What do birth control pills, diabetes, and polycystic ovarian syndrome all have in common? They can all cause discoloration of the skin!
That’s right — all three of these seemingly unrelated health care topics can cause acanthosis nigricans, a skin condition characterized by dark, thickened, velvety patches of skin mostly found in creases and skin folds on the body, namely in the armpits, groin, neck, elbows, knees, knuckles, lips, palms, and feet.
What causes acanthosis nigricans?
Increased insulin levels can lead to the discoloration or changes in texture in a person’s skin, but the causes of these increased insulin levels vary. Insulin is a hormone that our pancrease produces to help our body process sugar. You’ve probably heard about those with diabetes, who need more insulin because their body can’t properly digest sugary foods. Well, he most common cause of acanthosis nigricans is insulin resistance, especially in individuals who are at risk of contracting type 2 diabetes.
Certain hormonal disorders such as cysts, thyroid abnormalities, and gland problems can also be to blame. Hormonal medications like birth control pills and some supplements can also increase insulin production — or heighten risk of resistance in some patients — which can then lead to acanthosis nigricans. In some rare cases, acanthosis nigricans could occur because a patient has lymphoma or cancer in the stomach, liver, or other internal organ.
I think I might have acanthosis nigricans. Should I be worried?
Not necessarily. Most commonly, hormonal imbalances that trigger the discoloration and change in the skin’s texture that’s characteristic of acanthosis nigricans can be caused by medication or supplements, insulin resistance, or diabetes. A recent study found that about 30% of Polycystic Ovarian Syndrome (PCOS) patients also have acanthosis nigricans. So before you start freaking out, talk to your doctor about all the possible causes of your condition. Diagnosis could range from a simple evaluation of diet and exercise habits to blood tests and x-rays.
Really, PCOS causes this? How does a reproductive disorder cause a skin condition?
Let’s back up for this one. If you’re unfamiliar, PCOS is a reproductive health condition in which hormonal imbalances affect a patient’s ovaries. This can cause irregular menstruation, irregular hair growth, weight gain, and infertility. PCOS patients tend to have higher levels insulin in their blood, making them insulin-resistant and putting them at higher risk of prediabetes or diabetes. As we already know, high insulin levels can lead to acanthosis nigricans. High insulin can also trigger the overproduction of testosterone, which can lead to other skincare problems for patients. In fact, PCOS-related hormone imbalances can manifest in a variety of skin conditions, including hirsutism, acne, female pattern hair loss, seborrhea, striae, and acrochordons.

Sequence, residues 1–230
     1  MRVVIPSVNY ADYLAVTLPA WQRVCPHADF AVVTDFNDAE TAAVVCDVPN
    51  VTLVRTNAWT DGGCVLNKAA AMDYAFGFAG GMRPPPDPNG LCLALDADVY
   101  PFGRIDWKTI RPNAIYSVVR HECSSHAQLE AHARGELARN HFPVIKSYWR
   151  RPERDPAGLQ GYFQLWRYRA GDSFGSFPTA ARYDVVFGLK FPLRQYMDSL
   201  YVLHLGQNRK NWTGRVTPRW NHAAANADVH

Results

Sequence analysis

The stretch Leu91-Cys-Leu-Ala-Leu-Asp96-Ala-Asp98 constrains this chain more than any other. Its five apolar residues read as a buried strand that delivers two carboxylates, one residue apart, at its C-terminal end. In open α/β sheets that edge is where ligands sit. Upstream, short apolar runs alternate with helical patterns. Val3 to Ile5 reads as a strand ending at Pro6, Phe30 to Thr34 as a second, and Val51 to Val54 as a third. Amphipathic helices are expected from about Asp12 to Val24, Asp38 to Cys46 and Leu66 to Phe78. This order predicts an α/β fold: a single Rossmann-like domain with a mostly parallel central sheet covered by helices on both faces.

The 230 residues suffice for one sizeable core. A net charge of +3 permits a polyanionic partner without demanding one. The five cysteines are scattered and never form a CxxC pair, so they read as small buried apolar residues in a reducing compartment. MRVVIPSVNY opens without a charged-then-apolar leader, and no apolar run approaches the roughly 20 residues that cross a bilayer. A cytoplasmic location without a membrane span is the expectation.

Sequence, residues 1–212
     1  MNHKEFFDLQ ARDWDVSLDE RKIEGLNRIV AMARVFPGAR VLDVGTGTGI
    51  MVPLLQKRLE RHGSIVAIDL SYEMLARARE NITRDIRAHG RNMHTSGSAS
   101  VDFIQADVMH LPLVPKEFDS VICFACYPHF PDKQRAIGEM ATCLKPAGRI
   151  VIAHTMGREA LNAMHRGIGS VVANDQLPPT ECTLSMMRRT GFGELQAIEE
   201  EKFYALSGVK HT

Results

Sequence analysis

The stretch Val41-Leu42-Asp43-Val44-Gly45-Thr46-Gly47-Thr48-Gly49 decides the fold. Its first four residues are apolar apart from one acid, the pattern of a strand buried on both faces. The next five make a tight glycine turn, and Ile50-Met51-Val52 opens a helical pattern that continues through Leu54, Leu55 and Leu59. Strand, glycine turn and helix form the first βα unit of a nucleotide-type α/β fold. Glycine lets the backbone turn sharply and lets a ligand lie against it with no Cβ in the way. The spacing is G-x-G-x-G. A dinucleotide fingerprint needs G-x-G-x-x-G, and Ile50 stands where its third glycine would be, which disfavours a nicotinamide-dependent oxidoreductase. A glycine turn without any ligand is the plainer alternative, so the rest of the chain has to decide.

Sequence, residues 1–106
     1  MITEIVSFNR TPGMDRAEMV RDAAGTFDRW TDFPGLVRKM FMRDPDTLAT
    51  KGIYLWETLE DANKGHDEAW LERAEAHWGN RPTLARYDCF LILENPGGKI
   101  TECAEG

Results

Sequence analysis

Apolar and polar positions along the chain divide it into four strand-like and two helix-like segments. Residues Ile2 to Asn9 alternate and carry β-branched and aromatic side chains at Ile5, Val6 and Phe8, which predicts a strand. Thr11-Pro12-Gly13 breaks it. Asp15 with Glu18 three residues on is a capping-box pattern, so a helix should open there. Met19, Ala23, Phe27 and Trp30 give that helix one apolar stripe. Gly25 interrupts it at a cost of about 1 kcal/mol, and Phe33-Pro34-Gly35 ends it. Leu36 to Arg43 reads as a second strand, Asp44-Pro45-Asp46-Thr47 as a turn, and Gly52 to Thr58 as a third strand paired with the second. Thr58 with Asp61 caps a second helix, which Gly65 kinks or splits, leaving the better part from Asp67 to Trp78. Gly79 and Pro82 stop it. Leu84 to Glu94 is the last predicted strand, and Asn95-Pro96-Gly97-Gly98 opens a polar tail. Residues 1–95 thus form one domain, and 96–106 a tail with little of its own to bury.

How do I treat acanthosis nigricans?
It depends. Acanthosis Nigricans itself isn’t actually a disease, but rather, a symptom of another health issue, so treatment depends on the underlying cause. Sometimes, the answer can be as simple as working out or changing your diet. In other cases, adjusting medications or supplements under the guidance of your doctor can do the trick. For PCOS patients, collaboration between an individual’s dermatologist, endocrinologist, gynecologist, nutritionist, and physical trainer was found to be the most effective mode of treatment.
In addition to treating their underlying causes, some acanthosis nigricans patients choose to treat their darkened skin with cosmetic treatments. There are several ingredients — Retin-A, urea, alpha hydroxy acids (AHAs), and BHAs like salicylic acid — that target the discoloration caused by the condition. Other helpful treatments include antibacterial soaps, oral acne medicine, and laser therapies. Cosmetic treatments, and their effectiveness, will vary depending on the severity of the discoloration and underlying condition, so those with acanthosis nigricans should always consult with their dermatologist and other doctors before using products or booking procedures.
The good news is that for many patients, symptoms subside once they address the root cause of their increased insulin production. It’s important to realize that acanthosis nigricans indicates an underlying health problem that you should really address with your doctor, but this health problem is likely related to diet and exercise regimens. Even still, the condition shouldn’t be ignored, as some rare cases are caused by more serious conditions like cancer or PCOS. Even then, early detection is key to recovery and symptom management.
Although sudden changes in your skin and physical appearance can be scary, acanthosis nigricans isn’t something to panic about. If you have concerns about symptoms you may have, consult a dermatologist or gynecologist to rule out more severe causes.